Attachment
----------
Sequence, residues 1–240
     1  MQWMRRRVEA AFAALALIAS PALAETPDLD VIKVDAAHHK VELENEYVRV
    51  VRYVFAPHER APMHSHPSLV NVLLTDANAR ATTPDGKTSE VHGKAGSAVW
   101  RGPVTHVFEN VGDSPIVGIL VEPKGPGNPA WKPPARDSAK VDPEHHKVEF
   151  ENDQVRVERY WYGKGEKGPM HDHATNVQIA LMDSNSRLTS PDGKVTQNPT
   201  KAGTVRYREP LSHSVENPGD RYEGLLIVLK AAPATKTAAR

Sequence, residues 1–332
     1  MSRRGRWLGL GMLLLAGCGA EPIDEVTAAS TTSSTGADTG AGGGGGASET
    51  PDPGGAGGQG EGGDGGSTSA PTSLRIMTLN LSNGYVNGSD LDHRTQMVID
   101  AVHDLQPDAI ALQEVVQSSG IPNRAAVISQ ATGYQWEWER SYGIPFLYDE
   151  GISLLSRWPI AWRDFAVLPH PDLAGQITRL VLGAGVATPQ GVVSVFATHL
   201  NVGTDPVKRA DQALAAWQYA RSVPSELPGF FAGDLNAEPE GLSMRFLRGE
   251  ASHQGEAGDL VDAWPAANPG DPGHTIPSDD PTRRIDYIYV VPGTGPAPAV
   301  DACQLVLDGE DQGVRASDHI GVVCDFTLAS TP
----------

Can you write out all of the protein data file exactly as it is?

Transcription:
Sequence, residues 1–240
     1  MQWMRRRVEA AFAALALIAS PALAETPDLD VIKVDAAHHK VELENEYVRV
    51  VRYVFAPHER APMHSHPSLV NVLLTDANAR ATTPDGKTSE VHGKAGSAVW
   101  RGPVTHVFEN VGDSPIVGIL VEPKGPGNPA WKPPARDSAK VDPEHHKVEF
   151  ENDQVRVERY WYGKGEKGPM HDHATNVQIA LMDSNSRLTS PDGKVTQNPT
   201  KAGTVRYREP LSHSVENPGD RYEGLLIVLK AAPATKTAAR

Sequence, residues 1–332
     1  MSRRGRWLGL GMLLLAGCGA EPIDEVTAAS TTSSTGADTG AGGGGGASET
    51  PDPGGAGGQG EGGDGGSTSA PTSLRIMTLN LSNGYVNGSD LDHRTQMVID
   101  AVHDLQPDAI ALQEVVQSSG IPNRAAVISQ ATGYQWEWER SYGIPFLYDE
   151  GISLLSRWPI AWRDFAVLPH PDLAGQITRL VLGAGVATPQ GVVSVFATHL
   201  NVGTDPVKRA DQALAAWQYA RSVPSELPGF FAGDLNAEPE GLSMRFLRGE
   251  ASHQGEAGDL VDAWPAANPG DPGHTIPSDD PTRRIDYIYV VPGTGPAPAV
   301  DACQLVLDGE DQGVRASDHI GVVCDFTLAS TP